Tag Archives: whiteout

2 sentence book reviews, part 1

it’s a crazy week for me — a few days in colorado for an event at group publishing, and a few days in the san bernardino mountains with my family and another family. so, i think it’s time to post a week of 2 sentence book reviews!

i’ve got 44 lines for 22 books. the first sentence of each review is a summary, and the second sentence is my opinion. hope you appreciate the brevity!

part 1: five general fiction books
part 2: three general non-fiction and two young adult fiction books
part 3: four illustrated books or graphic novels and one humor book
part 4: four christian living books and three theology and ministry books

first up: general fiction

Unholy Night, by Seth Grahame-Smith
5 stars
Somehow, the same mind that brought us Pride and Predjudice and Zombies, and Abraham Lincoln: Vampire Killer, rewrites the birth of Christ as a wild thriller involving an master thief and a mystic with a treasure-trove of evil powers in his tool box. Fully respectful to biblical story, this book can easily sit on my shelf next to Christopher Moore’s wonderful Lamb.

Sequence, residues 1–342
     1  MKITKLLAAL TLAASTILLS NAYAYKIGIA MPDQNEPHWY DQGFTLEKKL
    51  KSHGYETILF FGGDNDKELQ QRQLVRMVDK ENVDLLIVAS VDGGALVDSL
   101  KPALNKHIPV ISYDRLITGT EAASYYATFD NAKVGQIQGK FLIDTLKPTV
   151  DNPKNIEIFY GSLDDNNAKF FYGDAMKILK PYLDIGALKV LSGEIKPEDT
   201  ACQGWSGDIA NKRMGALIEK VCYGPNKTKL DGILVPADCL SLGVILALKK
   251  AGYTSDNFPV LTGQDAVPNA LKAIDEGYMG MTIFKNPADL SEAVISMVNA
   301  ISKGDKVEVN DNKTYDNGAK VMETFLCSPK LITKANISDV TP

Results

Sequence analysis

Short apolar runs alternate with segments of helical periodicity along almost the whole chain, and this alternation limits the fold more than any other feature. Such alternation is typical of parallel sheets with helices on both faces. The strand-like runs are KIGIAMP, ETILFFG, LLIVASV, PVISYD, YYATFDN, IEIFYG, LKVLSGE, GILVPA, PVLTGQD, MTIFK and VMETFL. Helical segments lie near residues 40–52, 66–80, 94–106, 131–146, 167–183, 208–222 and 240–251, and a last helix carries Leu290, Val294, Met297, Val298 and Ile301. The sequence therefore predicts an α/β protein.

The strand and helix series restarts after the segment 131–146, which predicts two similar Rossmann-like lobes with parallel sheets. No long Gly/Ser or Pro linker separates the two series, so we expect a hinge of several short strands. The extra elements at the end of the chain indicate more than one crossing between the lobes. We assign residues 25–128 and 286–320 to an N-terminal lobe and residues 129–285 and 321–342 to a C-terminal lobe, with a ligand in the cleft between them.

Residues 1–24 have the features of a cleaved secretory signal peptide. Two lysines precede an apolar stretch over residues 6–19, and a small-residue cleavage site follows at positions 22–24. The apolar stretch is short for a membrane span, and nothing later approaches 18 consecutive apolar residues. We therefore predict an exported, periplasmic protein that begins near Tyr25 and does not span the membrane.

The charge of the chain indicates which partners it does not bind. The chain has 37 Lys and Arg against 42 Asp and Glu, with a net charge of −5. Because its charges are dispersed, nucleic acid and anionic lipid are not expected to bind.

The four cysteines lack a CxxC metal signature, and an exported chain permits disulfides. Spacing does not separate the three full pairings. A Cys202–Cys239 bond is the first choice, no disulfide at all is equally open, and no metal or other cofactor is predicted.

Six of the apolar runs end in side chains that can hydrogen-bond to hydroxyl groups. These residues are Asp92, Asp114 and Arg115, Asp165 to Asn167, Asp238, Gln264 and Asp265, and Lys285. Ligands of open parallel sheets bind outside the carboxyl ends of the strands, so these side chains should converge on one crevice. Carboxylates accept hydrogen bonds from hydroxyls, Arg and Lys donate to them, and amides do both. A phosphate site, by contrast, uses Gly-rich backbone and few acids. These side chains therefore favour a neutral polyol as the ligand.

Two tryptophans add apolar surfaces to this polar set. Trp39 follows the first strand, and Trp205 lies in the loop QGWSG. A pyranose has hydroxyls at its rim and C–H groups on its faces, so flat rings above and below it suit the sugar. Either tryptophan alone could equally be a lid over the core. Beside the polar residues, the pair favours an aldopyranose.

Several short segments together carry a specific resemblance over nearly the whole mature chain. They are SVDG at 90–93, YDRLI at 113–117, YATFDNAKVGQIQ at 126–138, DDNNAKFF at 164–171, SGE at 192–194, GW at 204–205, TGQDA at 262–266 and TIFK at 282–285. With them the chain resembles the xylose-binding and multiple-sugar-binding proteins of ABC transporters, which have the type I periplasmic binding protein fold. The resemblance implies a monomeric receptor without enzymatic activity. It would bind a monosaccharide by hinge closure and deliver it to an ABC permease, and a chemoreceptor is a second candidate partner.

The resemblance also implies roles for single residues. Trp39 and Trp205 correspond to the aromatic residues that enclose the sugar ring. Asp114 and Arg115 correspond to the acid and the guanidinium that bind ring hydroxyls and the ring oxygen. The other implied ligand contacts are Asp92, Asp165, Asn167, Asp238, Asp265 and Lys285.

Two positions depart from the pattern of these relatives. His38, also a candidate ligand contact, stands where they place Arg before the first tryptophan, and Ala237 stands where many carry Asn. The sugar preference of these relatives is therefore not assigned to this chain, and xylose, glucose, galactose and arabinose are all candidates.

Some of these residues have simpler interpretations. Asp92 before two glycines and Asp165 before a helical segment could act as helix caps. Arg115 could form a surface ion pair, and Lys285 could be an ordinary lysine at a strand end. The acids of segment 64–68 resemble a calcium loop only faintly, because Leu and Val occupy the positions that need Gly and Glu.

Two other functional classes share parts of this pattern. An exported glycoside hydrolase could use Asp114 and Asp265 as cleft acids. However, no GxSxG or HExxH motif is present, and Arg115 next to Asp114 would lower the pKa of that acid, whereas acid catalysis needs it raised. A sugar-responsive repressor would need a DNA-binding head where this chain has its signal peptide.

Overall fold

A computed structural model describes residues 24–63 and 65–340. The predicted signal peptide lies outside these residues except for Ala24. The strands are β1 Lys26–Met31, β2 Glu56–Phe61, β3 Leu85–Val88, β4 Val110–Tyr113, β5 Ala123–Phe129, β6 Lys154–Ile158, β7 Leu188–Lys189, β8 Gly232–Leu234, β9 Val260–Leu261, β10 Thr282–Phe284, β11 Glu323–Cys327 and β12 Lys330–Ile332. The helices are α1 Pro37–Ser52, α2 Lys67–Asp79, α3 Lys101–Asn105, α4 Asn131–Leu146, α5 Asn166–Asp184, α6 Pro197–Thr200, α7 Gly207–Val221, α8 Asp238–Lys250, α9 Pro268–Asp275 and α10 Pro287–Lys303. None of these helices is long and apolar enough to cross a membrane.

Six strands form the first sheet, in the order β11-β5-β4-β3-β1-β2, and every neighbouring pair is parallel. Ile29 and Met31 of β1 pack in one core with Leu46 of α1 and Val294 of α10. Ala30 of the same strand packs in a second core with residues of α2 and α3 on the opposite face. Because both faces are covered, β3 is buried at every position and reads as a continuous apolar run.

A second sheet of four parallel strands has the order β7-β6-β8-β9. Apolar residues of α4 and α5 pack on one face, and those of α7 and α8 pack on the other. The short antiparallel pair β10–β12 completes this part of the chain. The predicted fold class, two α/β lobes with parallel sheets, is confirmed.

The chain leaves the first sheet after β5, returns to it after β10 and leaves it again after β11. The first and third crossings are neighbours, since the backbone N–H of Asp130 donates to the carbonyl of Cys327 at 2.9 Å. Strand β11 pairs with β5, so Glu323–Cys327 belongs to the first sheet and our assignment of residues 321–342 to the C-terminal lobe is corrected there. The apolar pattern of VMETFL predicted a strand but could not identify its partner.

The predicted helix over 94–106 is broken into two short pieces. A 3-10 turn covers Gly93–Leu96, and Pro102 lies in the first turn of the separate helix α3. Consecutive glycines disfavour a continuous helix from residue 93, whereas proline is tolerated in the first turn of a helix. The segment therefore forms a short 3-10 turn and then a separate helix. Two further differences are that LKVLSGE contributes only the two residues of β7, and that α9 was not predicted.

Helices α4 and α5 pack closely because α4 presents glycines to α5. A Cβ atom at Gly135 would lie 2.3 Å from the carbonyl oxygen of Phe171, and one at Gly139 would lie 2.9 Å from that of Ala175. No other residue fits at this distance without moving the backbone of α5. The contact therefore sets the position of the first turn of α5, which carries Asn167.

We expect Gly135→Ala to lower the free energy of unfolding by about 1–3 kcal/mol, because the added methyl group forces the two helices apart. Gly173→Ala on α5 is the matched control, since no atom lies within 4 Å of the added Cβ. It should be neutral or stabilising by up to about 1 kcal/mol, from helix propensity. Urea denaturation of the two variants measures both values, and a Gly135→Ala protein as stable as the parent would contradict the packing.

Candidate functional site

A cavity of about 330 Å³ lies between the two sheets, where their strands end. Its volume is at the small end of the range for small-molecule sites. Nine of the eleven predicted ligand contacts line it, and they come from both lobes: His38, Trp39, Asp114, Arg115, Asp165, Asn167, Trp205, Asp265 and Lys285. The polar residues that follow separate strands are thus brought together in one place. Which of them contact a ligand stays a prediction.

Sacre Bleu: A Comedy d’Art, by Christopher Moore
4 stars
Moore’s weirdness takes on the world of 19th century impressionist painters in the evil muse who provides their brilliance and the color blue. Not as laugh-out-loud funny as Moore’s best works, but still a fun read with tons of historical fiction context.

A Hologram for the King, by Dave Eggers
4 stars
A despondent and lonely man seeks redemption and hope in a presentation (and expected cash-cow contract) with a Middle Eastern king. Eggers is one of my top-10 authors, but this fairly depressing work is not his best (though it’s still better than so many other books).

Whiteout, by Ken Follett
3.5 stars
A thriller involving a deadly virus, high-stakes security, thugs, and family dysfunction, with a little romantic longing thrown in the mix. The romantic bits literally made me laugh out loud with their cheese and lack of believability, but the story is otherwise good.

Bag of Bones, by Stephen King
3 stars
ghost story involving a grieving writer and the historical sins of a small town. more a picture of grief and writer’s block than a scary story.